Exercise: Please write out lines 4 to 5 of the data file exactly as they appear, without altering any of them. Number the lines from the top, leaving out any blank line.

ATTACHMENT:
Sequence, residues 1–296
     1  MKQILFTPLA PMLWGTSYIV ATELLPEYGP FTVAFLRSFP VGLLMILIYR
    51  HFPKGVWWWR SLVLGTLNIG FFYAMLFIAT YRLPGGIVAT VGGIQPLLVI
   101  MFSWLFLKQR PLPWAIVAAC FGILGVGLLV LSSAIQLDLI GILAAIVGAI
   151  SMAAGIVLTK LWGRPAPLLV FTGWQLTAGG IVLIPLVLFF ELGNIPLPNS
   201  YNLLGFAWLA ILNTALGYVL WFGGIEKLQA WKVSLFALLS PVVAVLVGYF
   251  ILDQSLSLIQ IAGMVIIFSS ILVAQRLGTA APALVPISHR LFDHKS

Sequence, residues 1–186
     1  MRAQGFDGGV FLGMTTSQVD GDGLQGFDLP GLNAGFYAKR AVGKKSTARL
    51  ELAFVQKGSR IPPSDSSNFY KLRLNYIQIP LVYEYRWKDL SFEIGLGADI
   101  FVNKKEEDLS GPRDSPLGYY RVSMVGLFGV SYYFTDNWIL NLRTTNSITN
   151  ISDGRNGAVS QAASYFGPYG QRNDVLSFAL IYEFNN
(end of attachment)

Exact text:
   101  MFSWLFLKQR PLPWAIVAAC FGILGVGLLV LSSAIQLDLI GILAAIVGAI
   151  SMAAGIVLTK LWGRPAPLLV FTGWQLTAGG IVLIPLVLFF ELGNIPLPNS